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New report suggests Black Friday’s popularity is continuing to dip

By Rachel Douglass

Oct 7, 2022

Retail

Image: Unsplash

Peak shopping season is fast approaching, and with increasing financial pressure causing many consumers to tighten their pockets, it could prove to be a tough period for retailers.

While discounted prices and sales are a possible solution to keep shoppers spending, a new report by Dressipi showed a dip in the biggest occasion for this, Black Friday.

The e-commerce personalisation platform said in a report that it had analysed data in order to help retailers prepare for the big day, however its research found that the event, which lands on November 25 this year, was becoming less popular among consumers.

According to its study, in 2019, the Black Friday period contributed an average of nine percent of the annual revenue for a retailer, with a revenue growth of 73 percent when compared to the prior two weeks.

In 2020, this number had already seen a decline to 5.82 percent in annual revenue and fell again a year later to 5.18 percent.

The report cited a number of possible factors that could have contributed to this decline, such as a higher frequency of sales by retailers looking to push unwanted stock or sustainability factors that push consumers to make more conscious decisions.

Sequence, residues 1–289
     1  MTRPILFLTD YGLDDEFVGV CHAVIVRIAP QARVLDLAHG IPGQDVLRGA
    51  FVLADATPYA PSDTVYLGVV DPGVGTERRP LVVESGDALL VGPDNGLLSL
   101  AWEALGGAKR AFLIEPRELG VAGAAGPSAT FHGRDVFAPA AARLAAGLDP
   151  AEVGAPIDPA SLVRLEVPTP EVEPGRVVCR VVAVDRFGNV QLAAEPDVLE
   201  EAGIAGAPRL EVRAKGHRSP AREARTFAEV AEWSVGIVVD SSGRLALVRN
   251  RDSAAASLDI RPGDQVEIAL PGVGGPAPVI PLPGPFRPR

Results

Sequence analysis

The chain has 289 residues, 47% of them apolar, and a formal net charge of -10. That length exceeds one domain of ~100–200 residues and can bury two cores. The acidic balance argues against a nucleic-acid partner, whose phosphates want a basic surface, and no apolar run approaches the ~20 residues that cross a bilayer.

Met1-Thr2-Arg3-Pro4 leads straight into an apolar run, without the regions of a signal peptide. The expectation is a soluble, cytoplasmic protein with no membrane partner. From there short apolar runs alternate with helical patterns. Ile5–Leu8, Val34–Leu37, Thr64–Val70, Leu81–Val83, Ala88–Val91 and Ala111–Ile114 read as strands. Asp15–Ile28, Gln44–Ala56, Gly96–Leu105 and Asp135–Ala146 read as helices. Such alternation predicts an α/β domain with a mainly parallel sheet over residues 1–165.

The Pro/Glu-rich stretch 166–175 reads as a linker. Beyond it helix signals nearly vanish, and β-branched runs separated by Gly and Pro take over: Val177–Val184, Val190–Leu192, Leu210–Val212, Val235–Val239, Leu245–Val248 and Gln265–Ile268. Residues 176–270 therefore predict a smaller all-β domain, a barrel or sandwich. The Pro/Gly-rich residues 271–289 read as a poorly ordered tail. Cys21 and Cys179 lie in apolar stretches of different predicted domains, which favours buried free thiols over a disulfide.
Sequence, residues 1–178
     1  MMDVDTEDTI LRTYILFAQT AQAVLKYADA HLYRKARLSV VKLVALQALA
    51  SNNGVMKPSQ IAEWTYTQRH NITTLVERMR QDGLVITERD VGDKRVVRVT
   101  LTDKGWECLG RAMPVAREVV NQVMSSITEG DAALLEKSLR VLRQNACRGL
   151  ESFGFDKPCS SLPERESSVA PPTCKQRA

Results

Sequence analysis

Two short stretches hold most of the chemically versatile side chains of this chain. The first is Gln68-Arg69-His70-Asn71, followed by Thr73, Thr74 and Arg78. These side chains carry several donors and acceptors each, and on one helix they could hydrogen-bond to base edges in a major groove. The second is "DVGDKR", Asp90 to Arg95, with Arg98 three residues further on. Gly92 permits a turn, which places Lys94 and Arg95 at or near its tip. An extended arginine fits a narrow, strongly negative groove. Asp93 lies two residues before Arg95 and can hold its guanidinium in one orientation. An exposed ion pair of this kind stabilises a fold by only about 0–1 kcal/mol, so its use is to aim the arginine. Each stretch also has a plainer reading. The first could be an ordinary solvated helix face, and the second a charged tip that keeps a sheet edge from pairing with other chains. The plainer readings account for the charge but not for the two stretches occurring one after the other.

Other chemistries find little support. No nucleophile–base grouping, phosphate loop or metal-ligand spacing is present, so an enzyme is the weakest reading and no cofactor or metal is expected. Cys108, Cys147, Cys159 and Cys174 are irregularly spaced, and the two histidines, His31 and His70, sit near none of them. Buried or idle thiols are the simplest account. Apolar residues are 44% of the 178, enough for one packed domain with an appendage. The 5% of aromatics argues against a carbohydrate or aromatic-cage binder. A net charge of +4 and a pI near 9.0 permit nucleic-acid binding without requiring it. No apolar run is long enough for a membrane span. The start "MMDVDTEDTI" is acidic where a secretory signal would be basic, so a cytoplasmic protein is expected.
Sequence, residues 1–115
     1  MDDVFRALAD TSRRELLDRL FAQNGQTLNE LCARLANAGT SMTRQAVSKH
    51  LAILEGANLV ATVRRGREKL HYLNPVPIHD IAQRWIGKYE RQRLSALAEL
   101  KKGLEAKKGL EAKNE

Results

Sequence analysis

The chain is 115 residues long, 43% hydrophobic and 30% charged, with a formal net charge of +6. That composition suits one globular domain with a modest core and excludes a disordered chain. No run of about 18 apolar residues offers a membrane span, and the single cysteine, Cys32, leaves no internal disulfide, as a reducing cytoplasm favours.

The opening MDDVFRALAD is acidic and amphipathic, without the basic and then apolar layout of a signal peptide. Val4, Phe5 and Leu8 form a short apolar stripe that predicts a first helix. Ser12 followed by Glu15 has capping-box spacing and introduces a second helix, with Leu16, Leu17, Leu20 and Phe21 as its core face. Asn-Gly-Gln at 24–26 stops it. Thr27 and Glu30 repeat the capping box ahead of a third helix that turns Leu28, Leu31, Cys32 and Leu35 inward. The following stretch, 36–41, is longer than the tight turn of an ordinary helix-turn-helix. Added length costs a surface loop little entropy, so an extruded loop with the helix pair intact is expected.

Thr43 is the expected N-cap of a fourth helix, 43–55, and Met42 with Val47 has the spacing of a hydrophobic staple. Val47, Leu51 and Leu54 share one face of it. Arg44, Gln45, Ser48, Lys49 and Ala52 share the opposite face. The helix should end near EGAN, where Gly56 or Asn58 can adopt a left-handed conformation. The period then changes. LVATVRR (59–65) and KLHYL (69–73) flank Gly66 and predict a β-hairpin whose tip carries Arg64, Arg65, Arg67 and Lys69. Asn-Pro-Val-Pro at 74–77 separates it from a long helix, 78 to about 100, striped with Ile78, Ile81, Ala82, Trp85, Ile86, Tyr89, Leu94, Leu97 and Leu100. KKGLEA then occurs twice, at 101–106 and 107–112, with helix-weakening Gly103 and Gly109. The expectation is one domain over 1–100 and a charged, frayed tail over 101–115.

New customers are less profitable

Dressipi also said that it had found an average decrease in return rates over Black Friday of 17.14 percent, which it noted was likely due to the most bought items being accessories – a category that already has low return rates.

Bags, for example, have a typical return rate of 7.22 percent, while items like dresses are returned at an average rate of 49 percent.

Among all of its data, Dressipi also questioned how valuable Black Friday customers actually were, noting that they typically consist of around 12.5 percent new customers.

The platform’s evidence, however, found that these customers are potentially less valuable than more loyal ones, as they are 10 percent less likely to make a purchase again.

Additionally, new customers are less likely to come back, resulting in a median yearly revenue that is 4.8 percent lower than that of repeat customers.

Dressipi suggested that promotions for new customers should be focused on higher-margin products, while existing customers should be given broader promotions in a bid to increase order frequency.

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